Attention to an attractive alternative and romantic relationship trajectories in adults
University of New Brunswick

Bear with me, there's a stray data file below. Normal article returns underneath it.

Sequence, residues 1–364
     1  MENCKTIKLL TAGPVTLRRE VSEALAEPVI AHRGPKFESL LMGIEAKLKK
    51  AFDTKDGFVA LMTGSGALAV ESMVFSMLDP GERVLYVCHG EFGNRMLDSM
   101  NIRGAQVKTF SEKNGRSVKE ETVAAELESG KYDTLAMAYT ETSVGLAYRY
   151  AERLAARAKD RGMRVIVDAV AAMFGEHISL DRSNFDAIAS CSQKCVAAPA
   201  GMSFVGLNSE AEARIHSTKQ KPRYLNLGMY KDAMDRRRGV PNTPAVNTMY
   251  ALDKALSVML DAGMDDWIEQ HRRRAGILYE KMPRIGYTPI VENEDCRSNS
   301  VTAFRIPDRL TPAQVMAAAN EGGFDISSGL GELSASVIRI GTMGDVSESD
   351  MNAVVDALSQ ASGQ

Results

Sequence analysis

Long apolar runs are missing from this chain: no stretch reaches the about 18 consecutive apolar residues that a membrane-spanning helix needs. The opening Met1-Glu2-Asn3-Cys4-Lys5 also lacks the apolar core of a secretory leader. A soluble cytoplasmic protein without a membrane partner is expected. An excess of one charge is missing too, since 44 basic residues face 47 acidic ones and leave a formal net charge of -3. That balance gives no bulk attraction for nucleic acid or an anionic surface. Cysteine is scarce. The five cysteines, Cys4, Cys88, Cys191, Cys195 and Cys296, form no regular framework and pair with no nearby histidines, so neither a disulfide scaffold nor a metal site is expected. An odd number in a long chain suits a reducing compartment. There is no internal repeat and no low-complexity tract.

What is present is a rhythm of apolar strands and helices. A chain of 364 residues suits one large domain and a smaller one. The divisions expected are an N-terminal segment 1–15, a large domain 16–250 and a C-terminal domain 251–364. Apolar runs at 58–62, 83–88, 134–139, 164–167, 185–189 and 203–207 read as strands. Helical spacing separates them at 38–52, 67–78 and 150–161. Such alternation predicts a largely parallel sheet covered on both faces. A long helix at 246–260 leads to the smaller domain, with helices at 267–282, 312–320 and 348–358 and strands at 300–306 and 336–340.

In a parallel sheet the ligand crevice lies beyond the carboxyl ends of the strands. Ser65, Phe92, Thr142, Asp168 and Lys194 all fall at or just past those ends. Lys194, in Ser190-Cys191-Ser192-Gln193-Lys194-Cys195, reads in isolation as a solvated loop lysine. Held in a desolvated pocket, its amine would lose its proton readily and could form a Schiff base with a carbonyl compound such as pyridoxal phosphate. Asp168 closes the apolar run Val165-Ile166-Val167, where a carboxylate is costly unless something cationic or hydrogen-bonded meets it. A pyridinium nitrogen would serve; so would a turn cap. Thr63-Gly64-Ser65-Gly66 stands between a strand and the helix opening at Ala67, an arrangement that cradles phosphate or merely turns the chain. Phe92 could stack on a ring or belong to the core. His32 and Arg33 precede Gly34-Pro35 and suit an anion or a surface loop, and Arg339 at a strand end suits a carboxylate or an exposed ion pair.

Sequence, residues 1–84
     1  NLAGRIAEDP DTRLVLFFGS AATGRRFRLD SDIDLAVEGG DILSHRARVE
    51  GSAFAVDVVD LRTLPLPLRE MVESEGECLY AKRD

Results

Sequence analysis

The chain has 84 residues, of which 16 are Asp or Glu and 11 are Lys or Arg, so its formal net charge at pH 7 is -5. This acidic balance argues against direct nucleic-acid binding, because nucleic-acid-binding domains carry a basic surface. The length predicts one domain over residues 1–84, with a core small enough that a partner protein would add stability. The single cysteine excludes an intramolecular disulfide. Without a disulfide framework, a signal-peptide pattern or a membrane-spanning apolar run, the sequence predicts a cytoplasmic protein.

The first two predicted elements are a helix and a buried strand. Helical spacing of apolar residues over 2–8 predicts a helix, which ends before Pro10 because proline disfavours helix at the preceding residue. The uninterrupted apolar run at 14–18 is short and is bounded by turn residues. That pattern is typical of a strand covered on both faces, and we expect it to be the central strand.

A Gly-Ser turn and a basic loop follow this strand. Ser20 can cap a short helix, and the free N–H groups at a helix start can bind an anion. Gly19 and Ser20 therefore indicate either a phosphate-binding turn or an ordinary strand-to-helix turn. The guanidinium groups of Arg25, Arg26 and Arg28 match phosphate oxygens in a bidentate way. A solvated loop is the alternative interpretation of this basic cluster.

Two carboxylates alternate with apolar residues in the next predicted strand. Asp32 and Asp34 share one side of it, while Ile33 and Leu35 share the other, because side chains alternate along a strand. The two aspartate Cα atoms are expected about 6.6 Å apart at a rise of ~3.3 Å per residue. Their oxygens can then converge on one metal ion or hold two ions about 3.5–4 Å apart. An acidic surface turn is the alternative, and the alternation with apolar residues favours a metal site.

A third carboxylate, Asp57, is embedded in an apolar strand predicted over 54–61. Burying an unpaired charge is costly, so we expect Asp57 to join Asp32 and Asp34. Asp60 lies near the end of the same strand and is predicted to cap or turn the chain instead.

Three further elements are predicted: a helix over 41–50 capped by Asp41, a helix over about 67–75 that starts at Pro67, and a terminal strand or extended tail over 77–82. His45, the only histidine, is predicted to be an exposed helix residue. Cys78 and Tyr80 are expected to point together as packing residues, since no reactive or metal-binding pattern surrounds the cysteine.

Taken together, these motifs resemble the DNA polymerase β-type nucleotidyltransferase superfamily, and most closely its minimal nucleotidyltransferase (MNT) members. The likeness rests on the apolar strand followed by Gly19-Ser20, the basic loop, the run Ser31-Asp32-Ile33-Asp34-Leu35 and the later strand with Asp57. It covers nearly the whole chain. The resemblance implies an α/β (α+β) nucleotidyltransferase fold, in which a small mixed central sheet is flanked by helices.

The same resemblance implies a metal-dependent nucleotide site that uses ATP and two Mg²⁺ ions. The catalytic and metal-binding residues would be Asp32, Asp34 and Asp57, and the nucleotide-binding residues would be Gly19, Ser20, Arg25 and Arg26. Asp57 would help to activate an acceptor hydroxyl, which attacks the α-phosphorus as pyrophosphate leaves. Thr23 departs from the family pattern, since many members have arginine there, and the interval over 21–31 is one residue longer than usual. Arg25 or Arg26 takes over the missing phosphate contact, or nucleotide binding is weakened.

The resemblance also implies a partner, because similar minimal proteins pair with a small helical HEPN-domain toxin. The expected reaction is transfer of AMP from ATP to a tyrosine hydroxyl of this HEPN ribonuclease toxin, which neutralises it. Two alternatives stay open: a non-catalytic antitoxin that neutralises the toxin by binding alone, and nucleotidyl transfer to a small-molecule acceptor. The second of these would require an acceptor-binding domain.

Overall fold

High quality romantic relationships tend to be psychologically and physically beneficial to those involved. Although most couples in romantic relationships expect monogamy, infidelity is common and often linked to relationship discord and dissolution. A tendency of attending to attractive potential alternative partners has been linked to poorer relationship quality in one’s primary relationship and infidelity. However, it is unclear under which conditions reports of attraction to potential alternatives are associated with impaired relationship quality to one’s primary relationship as some individuals successfully maintain monogamy over time despite occasional exposure and attraction to alternative potential partners. The current research used a longitudinal design to help clarify how attraction to an alternative is linked to relationship quality and termination of a relationship. A secondary goal was to examine how occasions of attraction to a potential alternative are linked to infidelity. In the presence of an attractive alternative, intensity of attraction to and opportunity to connect with this alternative are contextual factors that enhance the ability of the Investment Model to predict relationship commitment and longevity and these were examined here. Participants were 735 adults (22-35) in romantic relationships of at least three months’ duration who reported an attraction toward a potential alternative. They were recruited online from crowdsourcing websites and social media to complete two surveys, four months apart. Path analyses indicated that greater subjective opportunity to connect with an alternative and greater attraction toward an alternative were linked to lower relationship quality in one's primary relationship, particularly for those who had a propensity toward noticing attractive alternatives. In addition, lower relationship quality was linked to relationship dissolution four months later and reported desire to engage in infidelity. Very few participants in the current study became romantically or sexually involved with the person that they indicated was their attractive alternative so the links between attraction intensity, subjective opportunity, relationship quality, and infidelity could not be examined in full. The findings of this research are discussed in terms of their implications for other researchers examining maintenance of intimate relationships, educators who teach about attraction processes, as well as counsellors supporting couples in distress.